"The American Spectator has done something which has tapped into part of the zeitgeist, which journals of opinion rarely do," says Navasky of The Nation. "They've tapped into the newly sensationalized, Murdochized, tabloidized focus on sexuality and breaching the privacy of public figures."

That may be true. But while star writer Brock is openly gay, the magazine doesn't write about homosexuality in a positive way. Bruce Bawer, author of the book "A Place at the Table," had been the Spectator's movie critic for four years when he said he was told not to mention AIDS or homosexuality.

"I knew, of course, what [my editor] meant: They couldn't have any mention of AIDS or of homosexuals that wasn't homophobic," Bawer, who is gay, wrote in explaining why he left the magazine.

Pleszczynski says he never gave Bawer those instructions and denies that the Spectator is homophobic. "What has been in the magazine has been a lot of tweaking of the vocal gay activists like ACT UP. The magazine has a fairly long libertarian streak that suggests what people do privately is their business."

What is "tweaking" to some can be misconstrued. Tyrrell once wrote a column suggesting gay people be given "an attractive appellation that pleases them and represents them as they are." His choice: squash. "Youthful, nicely muscled homosexuals often have heads like the well-known butternut squash," Tyrrell wrote. "Homosexuals less favored by nature frequently have heads reminiscent of the squat acorn squash."

But making fun of homosexuals pales next to the vehemence with which the magazine went after Anita Hill in 1992, with its now famous description of the law professor as a woman who "may be a bit nutty, and a bit slutty." Then came the Troopergate story, with its sordid details and gratuitous mention of Hillary Clinton ordering troopers to fetch feminine napkins for her. Another "scoop" touted by Spectator editors was a story by Lisa Schiffren, a one-time speechwriter for Dan Quayle, about Hillary Clinton itemizing used underwear she had donated, among other things, to get a tax break.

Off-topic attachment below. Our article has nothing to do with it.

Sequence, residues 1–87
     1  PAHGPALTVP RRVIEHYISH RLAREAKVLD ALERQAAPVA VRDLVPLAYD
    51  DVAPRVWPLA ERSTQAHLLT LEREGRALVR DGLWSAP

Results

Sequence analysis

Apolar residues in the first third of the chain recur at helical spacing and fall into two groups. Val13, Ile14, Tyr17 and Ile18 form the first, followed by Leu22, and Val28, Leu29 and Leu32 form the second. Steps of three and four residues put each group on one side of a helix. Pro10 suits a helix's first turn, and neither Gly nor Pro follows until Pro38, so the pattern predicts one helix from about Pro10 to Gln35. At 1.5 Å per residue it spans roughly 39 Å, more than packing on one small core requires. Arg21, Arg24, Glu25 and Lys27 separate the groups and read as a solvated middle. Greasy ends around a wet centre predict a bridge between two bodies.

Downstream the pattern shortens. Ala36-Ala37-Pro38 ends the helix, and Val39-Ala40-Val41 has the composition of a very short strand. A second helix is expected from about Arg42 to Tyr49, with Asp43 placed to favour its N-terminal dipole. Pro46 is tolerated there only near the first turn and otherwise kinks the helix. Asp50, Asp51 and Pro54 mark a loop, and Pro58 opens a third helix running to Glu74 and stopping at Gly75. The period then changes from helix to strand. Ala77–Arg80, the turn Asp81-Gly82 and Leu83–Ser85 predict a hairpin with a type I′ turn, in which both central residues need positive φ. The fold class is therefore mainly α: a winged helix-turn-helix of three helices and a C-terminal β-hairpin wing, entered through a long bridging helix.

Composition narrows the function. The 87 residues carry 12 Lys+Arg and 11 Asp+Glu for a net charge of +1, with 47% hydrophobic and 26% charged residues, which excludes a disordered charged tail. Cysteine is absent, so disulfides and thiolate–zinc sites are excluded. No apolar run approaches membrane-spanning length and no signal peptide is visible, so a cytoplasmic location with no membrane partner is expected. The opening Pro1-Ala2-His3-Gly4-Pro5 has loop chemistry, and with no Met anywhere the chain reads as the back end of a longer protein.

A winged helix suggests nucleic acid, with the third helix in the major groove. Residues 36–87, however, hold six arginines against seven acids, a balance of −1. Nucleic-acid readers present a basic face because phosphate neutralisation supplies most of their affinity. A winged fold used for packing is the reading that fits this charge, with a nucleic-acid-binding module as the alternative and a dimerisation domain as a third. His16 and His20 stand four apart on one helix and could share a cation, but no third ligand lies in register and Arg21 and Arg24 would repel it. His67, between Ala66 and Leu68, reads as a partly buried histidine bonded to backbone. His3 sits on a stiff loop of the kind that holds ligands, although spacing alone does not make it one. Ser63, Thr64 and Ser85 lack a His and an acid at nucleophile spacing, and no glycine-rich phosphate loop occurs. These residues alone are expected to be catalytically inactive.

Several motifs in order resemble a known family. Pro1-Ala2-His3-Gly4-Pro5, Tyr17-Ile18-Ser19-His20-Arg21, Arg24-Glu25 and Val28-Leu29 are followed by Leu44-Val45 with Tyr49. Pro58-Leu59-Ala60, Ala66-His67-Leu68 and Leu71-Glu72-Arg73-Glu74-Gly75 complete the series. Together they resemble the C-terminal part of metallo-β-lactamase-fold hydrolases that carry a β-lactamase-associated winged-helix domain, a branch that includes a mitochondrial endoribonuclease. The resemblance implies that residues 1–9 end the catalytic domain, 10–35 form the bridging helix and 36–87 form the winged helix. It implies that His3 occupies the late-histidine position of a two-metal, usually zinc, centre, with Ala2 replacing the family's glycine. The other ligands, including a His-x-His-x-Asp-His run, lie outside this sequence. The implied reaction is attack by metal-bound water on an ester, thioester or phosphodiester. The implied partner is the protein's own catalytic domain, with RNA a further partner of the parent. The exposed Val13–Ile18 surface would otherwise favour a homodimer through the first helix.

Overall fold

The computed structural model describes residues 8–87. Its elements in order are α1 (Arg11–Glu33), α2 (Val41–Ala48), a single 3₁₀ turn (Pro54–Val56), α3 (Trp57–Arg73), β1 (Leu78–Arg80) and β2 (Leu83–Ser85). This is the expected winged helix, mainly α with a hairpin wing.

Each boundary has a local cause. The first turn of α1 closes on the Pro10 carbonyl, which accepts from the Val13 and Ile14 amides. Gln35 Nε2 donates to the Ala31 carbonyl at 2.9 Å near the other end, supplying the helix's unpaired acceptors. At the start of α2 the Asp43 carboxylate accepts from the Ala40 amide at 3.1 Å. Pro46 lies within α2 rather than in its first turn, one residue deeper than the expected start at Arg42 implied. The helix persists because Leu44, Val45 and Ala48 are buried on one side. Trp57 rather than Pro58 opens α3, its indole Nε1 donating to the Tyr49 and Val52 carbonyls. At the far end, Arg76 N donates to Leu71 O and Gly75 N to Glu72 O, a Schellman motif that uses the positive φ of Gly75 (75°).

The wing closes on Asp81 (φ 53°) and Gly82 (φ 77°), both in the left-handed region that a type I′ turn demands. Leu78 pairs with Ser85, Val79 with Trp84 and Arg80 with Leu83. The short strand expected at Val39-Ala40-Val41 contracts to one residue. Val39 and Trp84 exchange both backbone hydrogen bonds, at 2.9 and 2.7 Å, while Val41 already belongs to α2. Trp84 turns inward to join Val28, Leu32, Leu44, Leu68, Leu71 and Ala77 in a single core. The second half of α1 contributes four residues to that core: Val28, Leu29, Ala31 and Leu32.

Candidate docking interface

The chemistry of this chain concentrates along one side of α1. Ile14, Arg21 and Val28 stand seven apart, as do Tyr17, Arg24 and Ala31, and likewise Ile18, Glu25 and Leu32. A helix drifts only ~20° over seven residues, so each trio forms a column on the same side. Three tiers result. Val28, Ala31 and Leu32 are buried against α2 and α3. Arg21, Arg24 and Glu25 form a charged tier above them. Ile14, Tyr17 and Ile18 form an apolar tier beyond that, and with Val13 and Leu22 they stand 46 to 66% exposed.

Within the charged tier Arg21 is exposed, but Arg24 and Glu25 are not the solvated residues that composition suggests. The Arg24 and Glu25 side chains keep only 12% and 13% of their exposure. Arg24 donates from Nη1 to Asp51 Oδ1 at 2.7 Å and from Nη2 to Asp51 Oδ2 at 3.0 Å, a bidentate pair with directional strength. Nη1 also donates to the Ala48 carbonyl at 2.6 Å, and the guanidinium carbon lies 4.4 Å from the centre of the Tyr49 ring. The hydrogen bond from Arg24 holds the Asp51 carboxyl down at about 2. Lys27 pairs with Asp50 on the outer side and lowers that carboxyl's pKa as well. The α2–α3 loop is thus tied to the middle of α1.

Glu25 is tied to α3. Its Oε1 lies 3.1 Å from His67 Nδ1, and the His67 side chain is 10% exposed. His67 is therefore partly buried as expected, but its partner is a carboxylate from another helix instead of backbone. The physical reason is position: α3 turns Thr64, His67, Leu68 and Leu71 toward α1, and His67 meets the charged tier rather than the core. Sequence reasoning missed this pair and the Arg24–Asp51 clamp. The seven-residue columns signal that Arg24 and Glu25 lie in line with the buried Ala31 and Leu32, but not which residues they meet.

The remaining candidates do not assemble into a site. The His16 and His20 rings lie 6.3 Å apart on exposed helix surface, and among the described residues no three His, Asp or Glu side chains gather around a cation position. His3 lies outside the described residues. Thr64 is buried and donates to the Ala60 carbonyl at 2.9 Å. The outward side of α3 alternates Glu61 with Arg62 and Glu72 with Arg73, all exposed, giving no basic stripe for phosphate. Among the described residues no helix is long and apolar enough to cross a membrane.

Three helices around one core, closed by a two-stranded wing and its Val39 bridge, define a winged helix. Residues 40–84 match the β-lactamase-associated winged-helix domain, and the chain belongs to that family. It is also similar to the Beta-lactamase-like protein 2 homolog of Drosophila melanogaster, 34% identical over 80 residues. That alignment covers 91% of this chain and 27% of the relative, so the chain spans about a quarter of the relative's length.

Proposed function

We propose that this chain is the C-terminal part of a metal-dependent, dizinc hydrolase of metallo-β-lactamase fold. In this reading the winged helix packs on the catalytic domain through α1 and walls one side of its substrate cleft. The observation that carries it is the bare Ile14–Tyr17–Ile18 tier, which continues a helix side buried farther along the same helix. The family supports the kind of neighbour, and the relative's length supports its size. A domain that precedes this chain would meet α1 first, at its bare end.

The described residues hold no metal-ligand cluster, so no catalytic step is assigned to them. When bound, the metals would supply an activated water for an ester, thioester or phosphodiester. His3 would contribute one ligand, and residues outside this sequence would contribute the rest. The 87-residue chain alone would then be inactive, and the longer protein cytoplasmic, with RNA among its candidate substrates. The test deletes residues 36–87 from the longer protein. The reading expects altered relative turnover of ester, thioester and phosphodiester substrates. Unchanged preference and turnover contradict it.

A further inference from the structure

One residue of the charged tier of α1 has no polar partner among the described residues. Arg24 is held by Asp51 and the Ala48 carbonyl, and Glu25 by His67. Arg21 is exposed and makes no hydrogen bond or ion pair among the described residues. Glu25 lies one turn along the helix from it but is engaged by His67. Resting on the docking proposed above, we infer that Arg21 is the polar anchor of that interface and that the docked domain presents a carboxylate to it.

While the Spectator certainly has attracted attention, many in Washington, in particular, read the magazine only after its latest bombshell is written about elsewhere.

"In a strange way it's not a must-read," says Stephen Hess, a senior fellow at the Brookings Institution who studies the press. "It becomes an item in the newspaper or gossip columns and then you read it."

But it does get written about, and negative attention is better than none.

"The worst thing to do is be ignored, I guess," says Brock. "The level of attack or negative attention often corresponds to how closely you hit your target in journalism."

Says William F. Powers, who writes about periodicals for the Washington Post, "The Spectator is a magazine with personality and that's one of the best things a magazine can have. But it often has this off-putting, mean edge to it that you don't even find in a magazine that strives to be a naysayer in the sense that The New Republic does. I'm not always in the mood to take this blast of hatred for Hillary and Bill and the whole crowd."

With that backdrop, it's probably not surprising that when the Spectator published Brock's treatise on Clinton's love life, it was the magazine – not the story – that got the attention.

"By the time Troopergate came out," says Brock, who was vociferously attacked over his Anita Hill book, "I was quite used to the way the media works. I knew it meant that I had drawn some blood."

Other journalists wrote stories about the story, their way of comfortably dealing with what many perceived as a tabloid-style saga that may have contained an important truth buried among the lurid details.